Poor risk management is costly. Project managers are caught off guard by emerging risks. And these risks may turn into issues costing more time and money.
But, it doesn't have to be that way. We can identify risks early. We can assess and prioritize our risks, allowing us to make better use of our limited time.
Let's look at the cost of poor risk management through the life of Tom Whitley. We will discuss his mistakes. Lastly, I'll provide you with a simple project risk management checklist to keep you from making the same mistakes.
The Star Mutual Insurance Company (SMIC) hired Tom Whitley as a project manager to manage information technology projects. Although Tom missed a few deadlines, he implemented most of his projects, though small, on time and under budget in his first year.
Tom was promoted to program manager after only 12 months with the company. He was assigned his first SMIC program, a combination of projects aimed at helping the company achieve a consistent underwriting profit. The program included projects to implement a new imaging system, a new policy administration system, and a new claims system, each led by a different project manager.
Tom pushed the project managers to take action quickly. He wanted to see progress within two to four weeks.
When one of the project managers spoke of identifying, evaluating, and managing risks, Tom cut her short, “We’ll get to the risk management later. I want an agile approach with the minimum process.”
The senior management team praised Tom for the early action. The imaging team had started building workflows. Check. The policy administration team started developing the interface to the claims administration system. Check. The CEO told the board of directors that things were going well for the first two months of the program (or so she thought).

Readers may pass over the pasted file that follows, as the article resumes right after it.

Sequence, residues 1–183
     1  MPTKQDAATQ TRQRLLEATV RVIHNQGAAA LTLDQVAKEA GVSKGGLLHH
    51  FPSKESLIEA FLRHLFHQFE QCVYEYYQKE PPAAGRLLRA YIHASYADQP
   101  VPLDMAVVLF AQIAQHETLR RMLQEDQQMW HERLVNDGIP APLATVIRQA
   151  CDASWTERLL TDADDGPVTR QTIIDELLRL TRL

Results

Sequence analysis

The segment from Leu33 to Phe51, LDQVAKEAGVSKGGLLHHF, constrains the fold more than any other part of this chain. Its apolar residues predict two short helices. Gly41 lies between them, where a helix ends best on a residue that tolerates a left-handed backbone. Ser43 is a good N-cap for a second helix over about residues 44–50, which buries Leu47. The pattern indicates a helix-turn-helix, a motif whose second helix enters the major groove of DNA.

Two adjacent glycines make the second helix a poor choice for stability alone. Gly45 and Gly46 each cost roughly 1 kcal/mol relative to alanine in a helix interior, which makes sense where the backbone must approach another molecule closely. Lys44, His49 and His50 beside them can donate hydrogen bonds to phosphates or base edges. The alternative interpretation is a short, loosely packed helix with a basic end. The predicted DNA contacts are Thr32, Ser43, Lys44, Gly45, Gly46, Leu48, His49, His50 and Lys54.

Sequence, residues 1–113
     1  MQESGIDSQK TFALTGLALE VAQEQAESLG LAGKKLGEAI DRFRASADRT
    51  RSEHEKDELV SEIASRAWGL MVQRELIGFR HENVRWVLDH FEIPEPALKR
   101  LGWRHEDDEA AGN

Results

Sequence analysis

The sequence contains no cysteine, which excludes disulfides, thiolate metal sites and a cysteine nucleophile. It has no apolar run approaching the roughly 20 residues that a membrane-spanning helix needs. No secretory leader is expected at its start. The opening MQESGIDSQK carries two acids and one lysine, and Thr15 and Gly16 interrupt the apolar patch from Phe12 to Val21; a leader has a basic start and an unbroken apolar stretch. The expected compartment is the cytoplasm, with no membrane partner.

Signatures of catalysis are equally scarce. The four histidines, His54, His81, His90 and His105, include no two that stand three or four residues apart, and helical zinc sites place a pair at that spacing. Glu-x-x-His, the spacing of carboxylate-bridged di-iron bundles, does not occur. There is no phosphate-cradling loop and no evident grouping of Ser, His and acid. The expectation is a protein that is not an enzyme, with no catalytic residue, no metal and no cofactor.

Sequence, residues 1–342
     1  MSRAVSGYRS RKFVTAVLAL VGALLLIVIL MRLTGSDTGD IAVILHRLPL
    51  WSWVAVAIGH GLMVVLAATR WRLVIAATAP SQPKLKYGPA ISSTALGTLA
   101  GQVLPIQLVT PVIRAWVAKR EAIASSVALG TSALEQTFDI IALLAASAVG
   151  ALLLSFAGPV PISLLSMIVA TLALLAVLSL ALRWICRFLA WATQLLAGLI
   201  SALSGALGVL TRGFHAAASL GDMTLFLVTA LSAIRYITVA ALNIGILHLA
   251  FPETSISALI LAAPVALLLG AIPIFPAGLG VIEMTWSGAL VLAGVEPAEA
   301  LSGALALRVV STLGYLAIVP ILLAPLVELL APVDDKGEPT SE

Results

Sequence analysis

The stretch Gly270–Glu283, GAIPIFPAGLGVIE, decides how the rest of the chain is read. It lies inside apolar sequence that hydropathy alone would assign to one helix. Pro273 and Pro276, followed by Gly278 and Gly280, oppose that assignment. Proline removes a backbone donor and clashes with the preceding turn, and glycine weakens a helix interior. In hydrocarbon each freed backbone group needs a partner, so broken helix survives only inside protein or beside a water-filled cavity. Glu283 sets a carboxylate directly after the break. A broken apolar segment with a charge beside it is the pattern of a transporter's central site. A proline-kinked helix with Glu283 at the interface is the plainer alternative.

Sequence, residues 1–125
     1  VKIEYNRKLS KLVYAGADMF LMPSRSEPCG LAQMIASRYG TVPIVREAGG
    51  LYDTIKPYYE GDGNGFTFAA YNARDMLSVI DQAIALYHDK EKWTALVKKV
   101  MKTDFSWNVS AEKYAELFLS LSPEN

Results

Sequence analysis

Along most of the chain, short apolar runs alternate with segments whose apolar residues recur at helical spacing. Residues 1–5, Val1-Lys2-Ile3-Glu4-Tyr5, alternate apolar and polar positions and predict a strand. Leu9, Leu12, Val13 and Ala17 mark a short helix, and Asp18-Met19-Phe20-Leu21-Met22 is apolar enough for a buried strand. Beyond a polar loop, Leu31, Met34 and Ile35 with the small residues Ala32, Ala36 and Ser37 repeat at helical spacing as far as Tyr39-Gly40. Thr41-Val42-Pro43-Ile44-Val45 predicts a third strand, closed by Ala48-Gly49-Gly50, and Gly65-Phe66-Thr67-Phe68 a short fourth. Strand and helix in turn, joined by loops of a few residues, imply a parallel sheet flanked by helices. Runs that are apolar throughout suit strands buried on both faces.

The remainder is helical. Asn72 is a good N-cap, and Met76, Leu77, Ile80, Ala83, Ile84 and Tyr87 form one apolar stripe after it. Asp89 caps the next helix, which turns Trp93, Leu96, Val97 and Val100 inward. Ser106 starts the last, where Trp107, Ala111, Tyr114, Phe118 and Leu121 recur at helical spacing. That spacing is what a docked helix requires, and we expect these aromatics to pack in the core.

In the third month, significant issues emerged. First, users were continuously changing the requirements for the policy administration system. Second, Tom started having problems with the third-party vendor resources. Third, the test regions were unstable, making it impossible for the testing teams to stay on schedule.
Tom and the project managers were spending more time dealing with issues and less time preparing for upcoming project activities. Things spiraled out of control. Eventually, SMIC replaced Tom as the program manager. The CEO reported the problems to the board and promised to get things back on track. But, it never happened.
After two years of trying to get the applications implemented, the company terminated the program and wrote off $15 million in expenses. SMIC continued missing revenue goals while expenses rose sharply. The CEO was fired after the company was downgraded twice and after four years of underwriting losses.
“Human beings, who are almost unique in having the ability to learn from the experience of others, are also remarkable for their apparent disinclination to do so.” —Douglas Adams
Although this is a fictitious story, many project managers (and companies) fail to use risk management as an effective means of achieving their objectives. If you were leading the next program, what would you do differently? Take note of Tom's mistakes.
How about you? How would you describe the health of your projects? Review one of your projects with this checklist:
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